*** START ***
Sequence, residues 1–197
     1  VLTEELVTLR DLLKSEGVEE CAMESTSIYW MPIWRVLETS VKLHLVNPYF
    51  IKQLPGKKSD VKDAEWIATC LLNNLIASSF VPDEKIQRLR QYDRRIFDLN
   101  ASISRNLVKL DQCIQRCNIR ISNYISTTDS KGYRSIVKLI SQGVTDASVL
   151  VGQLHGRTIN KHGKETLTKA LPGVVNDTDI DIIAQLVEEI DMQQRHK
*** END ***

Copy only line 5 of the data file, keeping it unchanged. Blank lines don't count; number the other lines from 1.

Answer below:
   151  VGQLHGRTIN KHGKETLTKA LPGVVNDTDI DIIAQLVEEI DMQQRHK